Thank you for your interest in my article. Please understand that I am not an expert. I am just a concerned citizen like you.
I am very sorry to hear about your community issue with erosion.
Here is what I think I know…
The only good news that I can tell you is that your situation is near a lake which is likely to experience relatively low wave heights on the average that might minimize the speed of the erosion action. Neskowin is right on the ocean. Wave heights are huge and can cause erosion and property loss very quickly if the conditions are right ie. storm, high tide etc.
My observation is that these erosion events are purely cyclical. Which sounds OK but the cycle can be over 100 years or more. A cycle long enough for development to take place and generations of people along with their memories to come and go. In the case of Neskowin, most of the development near the beach has taken place over the past 50 years which is a relatively short period of time compared to what appears to our ocean behavior pattern here. Accurate storm & wave height recorded data is only 60 years old at most in Oregon. Thus, people have had plenty of time to make assumptions & mistakes in placing their vacation homes within the cycle. Everybody wants a cool view from their property which of course drives development closer and closer to the source of the view. View & water front property values have exploded here to the point where people feel not only highly motivated but also fully entitled to protect their property despite the risks to the beach and to the people who love to walk there.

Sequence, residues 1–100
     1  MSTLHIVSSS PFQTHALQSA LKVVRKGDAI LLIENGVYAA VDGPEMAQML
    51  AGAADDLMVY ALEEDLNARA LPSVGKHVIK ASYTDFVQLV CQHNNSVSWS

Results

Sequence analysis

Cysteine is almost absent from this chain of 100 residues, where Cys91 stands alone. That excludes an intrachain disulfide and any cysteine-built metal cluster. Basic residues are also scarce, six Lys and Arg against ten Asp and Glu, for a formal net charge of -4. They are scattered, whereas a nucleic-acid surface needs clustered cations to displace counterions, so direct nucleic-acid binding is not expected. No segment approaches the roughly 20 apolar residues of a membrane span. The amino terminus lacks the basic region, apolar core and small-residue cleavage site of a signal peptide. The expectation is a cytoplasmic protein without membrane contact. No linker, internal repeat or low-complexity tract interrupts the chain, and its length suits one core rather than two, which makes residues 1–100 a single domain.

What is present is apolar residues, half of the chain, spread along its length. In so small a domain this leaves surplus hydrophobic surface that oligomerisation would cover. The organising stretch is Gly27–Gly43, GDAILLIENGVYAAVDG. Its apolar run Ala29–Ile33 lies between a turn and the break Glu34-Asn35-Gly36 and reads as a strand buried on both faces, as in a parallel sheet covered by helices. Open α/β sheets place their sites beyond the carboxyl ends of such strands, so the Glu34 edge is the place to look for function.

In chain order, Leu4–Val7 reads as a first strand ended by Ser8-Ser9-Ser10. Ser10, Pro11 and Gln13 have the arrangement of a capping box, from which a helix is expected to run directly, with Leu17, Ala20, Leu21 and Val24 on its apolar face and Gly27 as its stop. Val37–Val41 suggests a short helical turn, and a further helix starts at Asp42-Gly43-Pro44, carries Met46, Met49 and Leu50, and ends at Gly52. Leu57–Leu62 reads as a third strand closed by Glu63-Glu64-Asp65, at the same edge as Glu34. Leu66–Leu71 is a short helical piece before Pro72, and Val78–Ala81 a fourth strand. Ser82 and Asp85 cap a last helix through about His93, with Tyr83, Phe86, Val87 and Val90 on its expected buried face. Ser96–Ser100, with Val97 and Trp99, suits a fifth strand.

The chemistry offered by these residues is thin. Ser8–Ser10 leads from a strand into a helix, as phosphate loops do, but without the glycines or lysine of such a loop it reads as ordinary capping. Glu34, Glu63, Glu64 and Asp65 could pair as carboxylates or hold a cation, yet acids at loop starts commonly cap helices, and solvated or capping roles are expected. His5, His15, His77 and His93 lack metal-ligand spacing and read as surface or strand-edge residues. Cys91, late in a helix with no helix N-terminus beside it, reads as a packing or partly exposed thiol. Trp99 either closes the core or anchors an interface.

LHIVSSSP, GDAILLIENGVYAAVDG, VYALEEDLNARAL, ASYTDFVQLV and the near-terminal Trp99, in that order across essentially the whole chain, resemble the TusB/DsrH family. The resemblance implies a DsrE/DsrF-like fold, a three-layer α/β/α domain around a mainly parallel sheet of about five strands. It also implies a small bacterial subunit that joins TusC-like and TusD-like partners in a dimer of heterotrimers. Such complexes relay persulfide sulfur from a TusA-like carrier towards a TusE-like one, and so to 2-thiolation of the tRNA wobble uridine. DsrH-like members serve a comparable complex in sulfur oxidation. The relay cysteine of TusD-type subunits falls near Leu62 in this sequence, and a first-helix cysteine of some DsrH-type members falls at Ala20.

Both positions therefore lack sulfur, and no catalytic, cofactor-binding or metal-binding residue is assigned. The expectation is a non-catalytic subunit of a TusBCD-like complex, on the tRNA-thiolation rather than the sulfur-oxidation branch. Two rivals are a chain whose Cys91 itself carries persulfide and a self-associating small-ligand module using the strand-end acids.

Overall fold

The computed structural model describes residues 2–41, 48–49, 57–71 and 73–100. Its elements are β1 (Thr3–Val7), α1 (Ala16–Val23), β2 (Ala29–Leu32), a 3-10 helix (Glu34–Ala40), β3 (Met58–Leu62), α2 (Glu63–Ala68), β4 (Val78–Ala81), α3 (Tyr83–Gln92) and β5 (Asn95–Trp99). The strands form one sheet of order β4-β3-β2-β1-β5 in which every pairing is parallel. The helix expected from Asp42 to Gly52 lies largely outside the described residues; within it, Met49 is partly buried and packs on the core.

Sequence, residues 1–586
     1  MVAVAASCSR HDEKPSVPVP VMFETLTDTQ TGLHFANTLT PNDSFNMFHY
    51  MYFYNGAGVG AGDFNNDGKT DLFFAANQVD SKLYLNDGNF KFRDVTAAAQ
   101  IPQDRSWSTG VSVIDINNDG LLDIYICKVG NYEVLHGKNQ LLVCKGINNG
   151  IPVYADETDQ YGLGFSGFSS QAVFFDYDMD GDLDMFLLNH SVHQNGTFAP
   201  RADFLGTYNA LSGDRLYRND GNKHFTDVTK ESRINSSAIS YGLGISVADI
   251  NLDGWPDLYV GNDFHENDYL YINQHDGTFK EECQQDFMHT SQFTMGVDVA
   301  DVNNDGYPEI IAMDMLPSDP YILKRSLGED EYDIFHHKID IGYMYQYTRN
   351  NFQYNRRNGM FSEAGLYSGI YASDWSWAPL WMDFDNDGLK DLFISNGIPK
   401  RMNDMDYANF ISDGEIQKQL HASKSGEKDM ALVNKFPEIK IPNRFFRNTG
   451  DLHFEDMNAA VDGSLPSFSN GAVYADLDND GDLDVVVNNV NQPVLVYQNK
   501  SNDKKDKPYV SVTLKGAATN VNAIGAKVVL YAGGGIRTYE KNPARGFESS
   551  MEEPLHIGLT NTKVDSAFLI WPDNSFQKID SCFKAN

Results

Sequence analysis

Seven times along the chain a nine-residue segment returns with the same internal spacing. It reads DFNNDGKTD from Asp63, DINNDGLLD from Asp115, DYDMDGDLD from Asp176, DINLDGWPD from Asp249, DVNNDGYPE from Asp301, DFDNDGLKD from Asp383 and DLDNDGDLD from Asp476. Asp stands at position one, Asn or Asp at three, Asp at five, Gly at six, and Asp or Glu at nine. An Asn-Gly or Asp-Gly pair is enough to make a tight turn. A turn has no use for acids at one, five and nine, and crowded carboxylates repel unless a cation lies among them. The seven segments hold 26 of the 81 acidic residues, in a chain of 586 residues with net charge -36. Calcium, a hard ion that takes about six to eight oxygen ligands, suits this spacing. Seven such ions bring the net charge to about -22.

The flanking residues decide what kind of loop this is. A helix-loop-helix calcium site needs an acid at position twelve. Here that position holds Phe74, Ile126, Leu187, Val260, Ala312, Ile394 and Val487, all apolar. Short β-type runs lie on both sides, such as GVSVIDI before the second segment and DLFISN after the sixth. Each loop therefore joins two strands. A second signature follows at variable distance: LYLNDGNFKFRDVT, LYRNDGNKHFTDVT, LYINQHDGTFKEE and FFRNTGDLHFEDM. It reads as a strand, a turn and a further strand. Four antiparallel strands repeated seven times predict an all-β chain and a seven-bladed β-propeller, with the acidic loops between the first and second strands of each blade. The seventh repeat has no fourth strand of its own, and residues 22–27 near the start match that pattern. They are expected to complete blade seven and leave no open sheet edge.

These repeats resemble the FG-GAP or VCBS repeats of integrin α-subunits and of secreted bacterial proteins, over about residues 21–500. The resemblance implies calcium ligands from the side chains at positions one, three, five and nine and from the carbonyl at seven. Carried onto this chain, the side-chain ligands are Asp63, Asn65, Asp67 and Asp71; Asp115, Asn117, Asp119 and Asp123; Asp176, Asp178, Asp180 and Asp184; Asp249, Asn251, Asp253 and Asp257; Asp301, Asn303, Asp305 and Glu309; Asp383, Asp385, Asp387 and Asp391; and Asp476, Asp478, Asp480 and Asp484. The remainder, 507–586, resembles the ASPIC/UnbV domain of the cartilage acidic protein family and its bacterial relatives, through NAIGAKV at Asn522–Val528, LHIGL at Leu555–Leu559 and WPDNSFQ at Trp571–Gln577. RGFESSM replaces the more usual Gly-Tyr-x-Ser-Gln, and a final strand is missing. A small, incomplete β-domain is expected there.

If I can give you any advice….do whatever you can NOW to not allow the “rock wall” or Rip Rap to start.
Once the RipRap process begins at the first hot spot, the erosion amplifies on both sides of the property where there is no protection forcing the neighbors to protect themselves as well and on and on and on it goes until you end up with a big huge rock wall along with a much minimized beach if not destroyed all together.
Sad thing is, the properties involved will probably be lost anyway and we will have lost both the beach and the property.
Gord, it gets worse.
Neskowin beach front owners have now finally acknowledged that they have a problem that is NOT going away and are running out of money repairing their protective rock walls!
Some beach front property owners are wealthy and can hold on for awhile. Other beach front owners have inherited their properties and do not have enough cash flow to keep up.
Amazing as it may seem the beach front people now want the community as a whole to form a district in which to tax itself to support “the wall” claiming that if not done the community will be lost!! ”
Why should we shoulder the entire burden of protecting the community from the ocean alone?” -they ask.
I am old school. If you build a home on the sand and/ or near moving water you are taking a risk.
Given the long cycles, perhaps you can get by in your life time but probably not the next.